The Sad Thing Is, This Isn’t That Far Off.

Last week, financial reports for the second quarter of 2015  have been released to the general public. Prison pioneers, the Corrections Corporation of America  report that profits totaled $675 million, a whopping 30.5% increase from profits from the 2014 quarters. Financial strategists at the corporation attribute their growh to the increase in their black demographic over the past year.

“Back in 2013, we rolled out a new program called Racism,” said Corrections Corp. CEO, Ron Haverford. “It is actually a corporate mindset where individual branches race against each other to put innocent people in prison, hence the word, racism. It does not have anything to do with stereotyping or prejudice despite the fact that we incarcerate 75% more black inmates than white ones. That’s just a coincidence.”

Following the unspoken alliance with the police department in 2013, profits for the prison system has been steadily increasing. Select police force members across the nation have been ramping up their stoppages, seizures, and arrests of black citizens, culminating in the successful deal that many has come to know as Ferguson. The event has inspired many others to double their efforts in racism.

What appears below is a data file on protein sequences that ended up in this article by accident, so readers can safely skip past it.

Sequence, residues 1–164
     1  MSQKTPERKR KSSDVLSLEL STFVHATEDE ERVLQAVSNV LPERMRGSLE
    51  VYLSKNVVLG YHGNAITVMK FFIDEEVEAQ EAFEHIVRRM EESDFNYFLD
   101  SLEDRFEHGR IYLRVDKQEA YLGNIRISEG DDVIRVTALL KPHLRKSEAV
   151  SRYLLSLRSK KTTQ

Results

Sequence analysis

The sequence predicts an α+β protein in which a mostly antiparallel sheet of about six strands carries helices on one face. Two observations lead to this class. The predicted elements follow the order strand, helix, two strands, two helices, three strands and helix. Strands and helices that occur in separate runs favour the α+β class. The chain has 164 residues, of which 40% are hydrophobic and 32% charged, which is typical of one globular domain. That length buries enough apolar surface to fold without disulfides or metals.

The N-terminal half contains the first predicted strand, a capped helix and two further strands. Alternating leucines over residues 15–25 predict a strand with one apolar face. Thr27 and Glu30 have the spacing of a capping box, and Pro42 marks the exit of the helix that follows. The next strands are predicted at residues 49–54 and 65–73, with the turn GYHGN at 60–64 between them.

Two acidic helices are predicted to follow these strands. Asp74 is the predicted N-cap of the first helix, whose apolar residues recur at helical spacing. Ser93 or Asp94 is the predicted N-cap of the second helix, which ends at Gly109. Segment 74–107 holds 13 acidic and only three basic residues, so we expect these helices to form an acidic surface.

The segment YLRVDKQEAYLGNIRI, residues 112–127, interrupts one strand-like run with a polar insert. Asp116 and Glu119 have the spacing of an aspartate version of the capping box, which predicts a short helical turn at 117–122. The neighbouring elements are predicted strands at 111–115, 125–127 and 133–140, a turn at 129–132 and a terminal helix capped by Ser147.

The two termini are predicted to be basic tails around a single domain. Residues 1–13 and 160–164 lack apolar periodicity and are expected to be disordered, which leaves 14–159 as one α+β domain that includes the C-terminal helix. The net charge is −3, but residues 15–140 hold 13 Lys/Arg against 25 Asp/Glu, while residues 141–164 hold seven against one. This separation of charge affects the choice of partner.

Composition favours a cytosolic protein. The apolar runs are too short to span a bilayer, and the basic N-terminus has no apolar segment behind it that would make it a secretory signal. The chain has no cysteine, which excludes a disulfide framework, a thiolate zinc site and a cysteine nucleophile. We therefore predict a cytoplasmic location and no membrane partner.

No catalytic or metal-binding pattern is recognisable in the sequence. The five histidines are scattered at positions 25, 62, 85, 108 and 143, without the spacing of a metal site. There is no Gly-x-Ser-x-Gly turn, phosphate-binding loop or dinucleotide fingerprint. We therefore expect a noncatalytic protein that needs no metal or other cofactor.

Local police chief Gary Swanson said, “The reason we are doing so well is because we finally shifted our focus to serve our black customers better. We go to great lengths to ensure their incarceration. We spend more of our efforts catching black customers than catching white customers who commit the same crimes. Sometimes, we make up crimes that they did not commit so that we can incarcerate them anyways.”

The initiative has been met with opposition. As one native said, “That’s actually illegal.”

The rise in arrests have ultimately been met with enthusiasm from the police force. Earlier last year, officer Daniel Pantaleo placed Eric Garner in an illegal chokehold, causing a fatal asthmatic reaction. Garner later died on scene. Pantaleo was later rewarded by having all his charges dropped.

The Corrections Corp. have been looking further into the future as well. As their 7-year plan release date approaches, a representative offered a few clues to their direction. He explained that the corporation is currently drafting up plans to expand across the country and solidify their position among the A-list of chain franchises.

“There’s an emphasis on the word chain,” said spokesman Tom Gergich. “It brings our great country together just like how it binds our prisoners’ wrists together.”

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